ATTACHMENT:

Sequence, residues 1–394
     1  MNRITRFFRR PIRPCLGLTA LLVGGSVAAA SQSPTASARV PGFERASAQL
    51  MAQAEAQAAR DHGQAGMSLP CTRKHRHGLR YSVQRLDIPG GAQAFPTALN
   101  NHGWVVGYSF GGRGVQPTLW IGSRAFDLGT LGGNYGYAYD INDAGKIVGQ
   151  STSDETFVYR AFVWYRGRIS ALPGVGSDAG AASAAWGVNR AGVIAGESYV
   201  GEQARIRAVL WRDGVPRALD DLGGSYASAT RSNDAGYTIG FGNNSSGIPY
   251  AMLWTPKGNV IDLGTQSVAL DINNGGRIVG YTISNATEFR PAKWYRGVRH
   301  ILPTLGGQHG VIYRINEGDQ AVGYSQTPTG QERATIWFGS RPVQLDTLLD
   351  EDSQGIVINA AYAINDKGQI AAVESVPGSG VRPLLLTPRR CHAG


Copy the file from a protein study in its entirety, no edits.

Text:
Sequence, residues 1–394
     1  MNRITRFFRR PIRPCLGLTA LLVGGSVAAA SQSPTASARV PGFERASAQL
    51  MAQAEAQAAR DHGQAGMSLP CTRKHRHGLR YSVQRLDIPG GAQAFPTALN
   101  NHGWVVGYSF GGRGVQPTLW IGSRAFDLGT LGGNYGYAYD INDAGKIVGQ
   151  STSDETFVYR AFVWYRGRIS ALPGVGSDAG AASAAWGVNR AGVIAGESYV
   201  GEQARIRAVL WRDGVPRALD DLGGSYASAT RSNDAGYTIG FGNNSSGIPY
   251  AMLWTPKGNV IDLGTQSVAL DINNGGRIVG YTISNATEFR PAKWYRGVRH
   301  ILPTLGGQHG VIYRINEGDQ AVGYSQTPTG QERATIWFGS RPVQLDTLLD
   351  EDSQGIVINA AYAINDKGQI AAVESVPGSG VRPLLLTPRR CHAG